Listings data reveals hotspots

By Staff Reporter

Watching the number of people looking at listings is a growing technique for signaling a hotspot, according to a number of experts.

Property site, under REA Group, keeps detailed internal statistics of views that help to identify ‘seller’s markets’, said general manager of sales and operations, Arthur Charlaftis.

“With three million people visiting our site each month, our robust data shows where people are looking to buy. These suburbs indicate a high level of competition at a listing level, which generally translates to increased participation in the market by consumers down the track,” Mr Charlaftis said.

“During the holiday period we see more people searching while on the go and more people clicking through to view property pages. During this time people are also spending longer on our site at approximately 11 minutes per session,” he said.

The listings’ viewing statistics show clear correlations between demand and supply.

Currently, according to data from the site, the top 10 suburbs for the ratio of those looking for each listing totals eight suburbs in South Australia and two in Victoria.

South Australian suburbs Malvern, Kensington Gardens, Goodwood, Norwood, Walkerville, Clarence Park, Hyde Park and St. Peters were identified, as were the Victorian suburbs Clifton Hill and Park Orchards.

Infolio buyer advocate, Jake Milne, told Smart Property Investment that he has used this listings traffic method as a starting point for locating hotspots in the past.

“Not many investors are aware of the 'Demand to Supply' model this website has readily available for free,” he said.

“Although there is a time lag between when the data is updated and where we are now, one can note possible trends emerging in the supply graph that may affect median house prices.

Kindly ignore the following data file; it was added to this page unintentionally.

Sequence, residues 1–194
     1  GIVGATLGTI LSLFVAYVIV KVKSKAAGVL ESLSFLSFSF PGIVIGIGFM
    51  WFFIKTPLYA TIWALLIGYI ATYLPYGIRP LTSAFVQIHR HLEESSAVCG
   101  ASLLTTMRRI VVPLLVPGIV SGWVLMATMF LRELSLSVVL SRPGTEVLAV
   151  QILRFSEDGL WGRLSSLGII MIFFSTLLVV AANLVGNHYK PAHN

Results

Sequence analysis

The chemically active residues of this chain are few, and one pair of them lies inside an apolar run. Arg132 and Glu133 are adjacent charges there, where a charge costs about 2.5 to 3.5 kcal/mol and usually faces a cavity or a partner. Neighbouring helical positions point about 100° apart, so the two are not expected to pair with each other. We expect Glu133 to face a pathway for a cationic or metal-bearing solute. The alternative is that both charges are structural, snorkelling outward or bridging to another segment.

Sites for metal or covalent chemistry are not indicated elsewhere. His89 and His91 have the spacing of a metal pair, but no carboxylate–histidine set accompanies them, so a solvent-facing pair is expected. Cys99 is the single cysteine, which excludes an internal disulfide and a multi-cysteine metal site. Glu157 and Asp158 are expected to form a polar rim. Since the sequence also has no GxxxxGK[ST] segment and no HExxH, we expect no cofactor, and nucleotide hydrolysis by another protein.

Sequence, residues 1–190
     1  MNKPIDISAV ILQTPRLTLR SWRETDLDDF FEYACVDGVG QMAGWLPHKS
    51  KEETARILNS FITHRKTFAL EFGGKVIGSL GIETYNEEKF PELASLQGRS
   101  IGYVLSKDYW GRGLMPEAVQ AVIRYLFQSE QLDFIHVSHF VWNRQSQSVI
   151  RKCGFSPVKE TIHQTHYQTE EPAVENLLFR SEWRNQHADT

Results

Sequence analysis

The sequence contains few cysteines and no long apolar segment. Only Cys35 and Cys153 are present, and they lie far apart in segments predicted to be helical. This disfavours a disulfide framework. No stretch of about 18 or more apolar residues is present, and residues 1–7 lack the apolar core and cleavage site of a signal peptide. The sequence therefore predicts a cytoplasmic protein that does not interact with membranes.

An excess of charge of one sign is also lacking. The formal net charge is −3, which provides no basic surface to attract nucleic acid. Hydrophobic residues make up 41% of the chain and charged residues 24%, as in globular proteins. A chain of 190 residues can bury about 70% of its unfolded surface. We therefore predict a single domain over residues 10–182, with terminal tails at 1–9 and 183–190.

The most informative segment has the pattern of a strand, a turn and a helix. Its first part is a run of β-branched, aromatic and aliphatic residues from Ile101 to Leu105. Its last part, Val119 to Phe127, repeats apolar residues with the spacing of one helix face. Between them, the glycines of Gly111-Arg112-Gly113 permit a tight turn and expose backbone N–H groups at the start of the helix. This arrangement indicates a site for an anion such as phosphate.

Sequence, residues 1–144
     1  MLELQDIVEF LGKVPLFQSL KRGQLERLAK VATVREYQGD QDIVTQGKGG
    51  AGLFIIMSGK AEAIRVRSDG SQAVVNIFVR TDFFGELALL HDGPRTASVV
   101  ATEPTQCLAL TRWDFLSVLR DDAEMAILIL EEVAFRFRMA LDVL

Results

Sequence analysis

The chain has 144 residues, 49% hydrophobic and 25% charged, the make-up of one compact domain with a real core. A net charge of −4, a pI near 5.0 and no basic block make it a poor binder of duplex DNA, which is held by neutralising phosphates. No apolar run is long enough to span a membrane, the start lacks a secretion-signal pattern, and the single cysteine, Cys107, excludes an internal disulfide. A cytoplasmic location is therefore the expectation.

“Sharp decreases or increases in demand often reflect in the median house prices one week to 12 weeks later, depending on the location and it’s sensitivity.”

For this reason, investors need to be looking early at this model to truly time the market, as any later and much growth may be lost.

He explains savvy investors realise this isn’t an ‘exact science’, however it does help form an overall pattern, “much like technical analysis of stocks.”

For those using this to look towards Adelaide, they should first look at the bigger picture, including long-term trends and growth drivers.

“Once establishing the larger picture they could then whittle down the hotspots using auction clearance rates, 12-month sales results and internet traffic as per below," he continued.

“The key to success is to use a multitude of indicators with the aim of having them confirm each other, rather than just basing a decision on a 10-year growth history, or a single infrastructure project.”

The top suburb on’s list, SA’s Malvern, has highly sought after villas and bungalows, according to Lew Toop from Toop&Toop Real Estate.

“It’s minutes from the city and there’s a good range of land sizes, from your average block to quite large land holdings. It’s the type of suburb that suits people with families working in the city, as there’s access to great schools and shops,” Mr Toop said.

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